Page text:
We also will assume that most of those debating yesterday from the article's perspective, had likely not read the article either since it was just released and is a fee-based paper.

For those wondering, here were the variables looked at:
"The following variables were included in analyses;
step length, step rate, contact time , aerial time, touchdown angle (for the stance leg), knee separation (assessed as inter-thigh angle) at touchdown, lift-off angle, thigh - and knee angle at lift-off (for the stance leg), maximal thigh flexion, range of thigh motion, rear knee flexion at maximal thigh extension, and horizontal ankle velocity (of the lateral malleolus marker for the soon -to -be stance foot) relative to CoM"

Our stance would be, based off our comments previously, if these things were asymmetrical, could driving the client toward greater symmetry, result in better outcome performance. That was and is, our thought experiment.



This was a dialogue we had recently and we have been messaged on it numerous times. Don't get too rigid in your beliefs, it might come back to bite you (that goes for us too). It is best we all keep our eyes and minds open. Science moves forward, so don't plant your flag so far in the ground that you can't pull it up when the landscape of knowledge moves the frontline further ahead.

Research has not yet provided all the answers to all our questions in the study of the human frame. There are plenty of studies we have all found that are flawed, so we are not going to always agree with research, research is a starting place, a foundation work from, but things change and they change fast sometimes . . . . just because something has not been validly proven yet (or disproven) in research doesn't mean it is not going to be nor does that proposed thought not deserve deeper thought . . . learning doesn't stop at the end of the pen of a researcher who may know a little less on a topic than others. Just because there is a published journal article on a topic doesn't necessarily make it a reliable paper or make it law or a template we must all embrace or "forever hold our peace". Challenging the present facts and knowledge doesn't necessarily always make it "bro science" either.
Question everything while working from a present day base of knowledge. And be ok with being called a bro, it can a compliment , sometimes, and sometimes not by those who may be feeling uncomfortable that their belief system may be quivering in uncertainty from some new paradigms in thought.



Podcast 128: Usain Bolt, Plantaris Tears, Arm Swing

Podcast links:




Key Tagwords:

usain bolt, plantaris tear, plantaris, sole lifts, heel lift, leg length, short leg, heel drop, shoeque, symmetry, asymmetry, sprinters, scoliosis, tendinopathy, achilles, runners, marathons, running injuries, arm swing

Our Websites:
summitchiroandrehab.com   doctorallen.co     shawnallen.net

Our website is all you need to remember. Everything you want, need and wish for is right there on the site.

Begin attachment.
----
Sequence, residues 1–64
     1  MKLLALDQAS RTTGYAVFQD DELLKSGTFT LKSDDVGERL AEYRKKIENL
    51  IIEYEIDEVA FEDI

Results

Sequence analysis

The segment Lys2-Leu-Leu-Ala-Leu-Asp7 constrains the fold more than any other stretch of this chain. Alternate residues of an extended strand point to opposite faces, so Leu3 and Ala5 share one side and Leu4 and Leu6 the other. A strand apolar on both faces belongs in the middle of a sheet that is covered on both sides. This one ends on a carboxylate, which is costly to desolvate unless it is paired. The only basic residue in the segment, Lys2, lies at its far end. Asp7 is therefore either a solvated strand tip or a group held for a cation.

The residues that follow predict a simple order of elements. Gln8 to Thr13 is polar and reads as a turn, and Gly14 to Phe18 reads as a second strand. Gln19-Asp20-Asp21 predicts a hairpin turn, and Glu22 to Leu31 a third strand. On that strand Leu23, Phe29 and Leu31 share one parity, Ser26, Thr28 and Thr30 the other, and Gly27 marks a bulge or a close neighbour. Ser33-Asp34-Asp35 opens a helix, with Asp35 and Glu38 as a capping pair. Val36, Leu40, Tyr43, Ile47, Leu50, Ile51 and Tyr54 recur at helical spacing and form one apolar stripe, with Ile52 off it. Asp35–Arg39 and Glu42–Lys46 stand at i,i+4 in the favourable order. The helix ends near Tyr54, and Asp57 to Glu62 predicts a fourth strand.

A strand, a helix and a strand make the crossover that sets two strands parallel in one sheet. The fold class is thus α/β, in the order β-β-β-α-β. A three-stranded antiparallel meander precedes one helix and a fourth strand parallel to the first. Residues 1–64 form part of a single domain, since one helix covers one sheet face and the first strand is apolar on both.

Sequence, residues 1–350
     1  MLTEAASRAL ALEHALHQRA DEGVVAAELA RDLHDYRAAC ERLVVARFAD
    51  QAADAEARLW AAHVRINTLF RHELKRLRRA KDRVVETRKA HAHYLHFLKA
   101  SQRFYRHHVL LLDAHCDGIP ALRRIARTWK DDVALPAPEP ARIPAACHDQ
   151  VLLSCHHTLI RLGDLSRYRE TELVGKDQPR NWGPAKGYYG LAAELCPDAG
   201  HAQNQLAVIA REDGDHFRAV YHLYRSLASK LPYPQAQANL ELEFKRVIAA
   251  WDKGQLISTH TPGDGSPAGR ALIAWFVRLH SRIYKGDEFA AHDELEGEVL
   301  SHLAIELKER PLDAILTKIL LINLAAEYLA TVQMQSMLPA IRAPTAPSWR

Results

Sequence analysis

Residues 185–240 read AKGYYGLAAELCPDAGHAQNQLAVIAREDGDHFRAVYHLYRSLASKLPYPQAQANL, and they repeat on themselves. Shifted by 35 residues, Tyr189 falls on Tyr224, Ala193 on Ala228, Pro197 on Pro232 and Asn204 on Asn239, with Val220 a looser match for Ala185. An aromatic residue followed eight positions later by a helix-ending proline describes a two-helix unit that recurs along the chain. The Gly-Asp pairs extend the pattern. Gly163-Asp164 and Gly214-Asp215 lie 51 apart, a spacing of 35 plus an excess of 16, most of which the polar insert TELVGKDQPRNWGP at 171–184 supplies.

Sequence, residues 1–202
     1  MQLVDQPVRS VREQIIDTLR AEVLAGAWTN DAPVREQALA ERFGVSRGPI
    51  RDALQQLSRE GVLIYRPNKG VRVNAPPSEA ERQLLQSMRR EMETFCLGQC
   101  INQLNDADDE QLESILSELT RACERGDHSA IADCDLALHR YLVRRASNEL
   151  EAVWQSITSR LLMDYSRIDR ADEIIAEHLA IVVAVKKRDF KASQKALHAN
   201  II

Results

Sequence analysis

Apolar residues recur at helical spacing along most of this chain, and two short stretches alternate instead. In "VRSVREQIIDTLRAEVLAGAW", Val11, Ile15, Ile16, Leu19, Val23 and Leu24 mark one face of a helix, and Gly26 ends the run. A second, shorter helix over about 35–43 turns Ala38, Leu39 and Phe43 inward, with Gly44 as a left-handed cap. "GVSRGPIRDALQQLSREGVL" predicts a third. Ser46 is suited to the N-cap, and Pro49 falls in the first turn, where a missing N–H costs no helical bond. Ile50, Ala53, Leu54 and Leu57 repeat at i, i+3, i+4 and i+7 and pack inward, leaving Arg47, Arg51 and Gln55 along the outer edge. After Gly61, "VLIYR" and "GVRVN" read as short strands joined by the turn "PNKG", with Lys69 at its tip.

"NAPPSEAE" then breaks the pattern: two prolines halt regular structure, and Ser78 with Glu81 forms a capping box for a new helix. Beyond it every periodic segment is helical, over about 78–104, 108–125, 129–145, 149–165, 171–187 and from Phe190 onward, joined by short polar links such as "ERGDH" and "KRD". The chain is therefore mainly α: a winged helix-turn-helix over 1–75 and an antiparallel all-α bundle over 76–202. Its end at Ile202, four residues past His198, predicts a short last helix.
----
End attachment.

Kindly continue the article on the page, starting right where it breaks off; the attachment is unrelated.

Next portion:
Interested in our stuff ? Want to buy some of our lectures or our National Shoe Fit program? Click here (thegaitguys.com or thegaitguys.tumblr.com) and you will come to our websites. In the tabs, you will find tabs for STORE, SEMINARS, BOOK etc. We also lecture every 3rd Wednesday of the month on onlineCE.com. We have an extensive catalogued library of our courses there, you can take them any time for a nominal fee (~$20).
Our podcast is on iTunes, Soundcloud, and just about every other podcast harbor site, just google "the gait guys podcast", you will find us.
Show Notes:

Superficial plantar cutaneous sensation does not trigger barefoot running adaptations.


Arm swing

Usain bolt

Plantaris tears

Does asymmetry matter ?

Does asymmetry matter ?

There has been some brilliant talk in the socialverse as of late that asymmetry doesn't matter. We believe these dialogues may be contextual for dialogue purposes (perhaps?) and we have no problem with that. I am sure we may approach our patients differently, though restoring pain free function is the goal. We have a problem layering more endurance, strength and power on asymmetry. Sure the client may feel better, but that is just because the threshold of the system is better, maybe. They have better armor, they are more durable, and thus further from the pain line, but the problem is undeniably still there, it is just protected. 
So, why not try to move closer to symmetry, if that gives pain relief, and then build strength, power, and endurance on those cleaner patterns ? Doesn't that make more sense ? One question we have, that science cannot prove (or disprove) is whether greater strength on asymmetry increases risk for injury ? Well, we think so, and we think that if for a given client, that strength and endurance built on a more symmetrical frame is likely to have less risk for injury. But, the verdict will always be out on that until we can clone folks.

We believe that driving toward symmetry much of the time does in fact matter. Is it going to happen 100%?, no, asymmetry is the rule in the human frame. We are talking about not driving deeper strength, power, endurance into an asymmetrical pattern that further puts strain into tissues not designed or apt to be favorable to the organism/joint/limb etc. We are putting together a written piece expressing some of our points of view further. We have found that when we drive our clients towards symmetry we often, not always, have to drive less strength and load into our clients to dampen the pain beast.

Stay tuned . . . .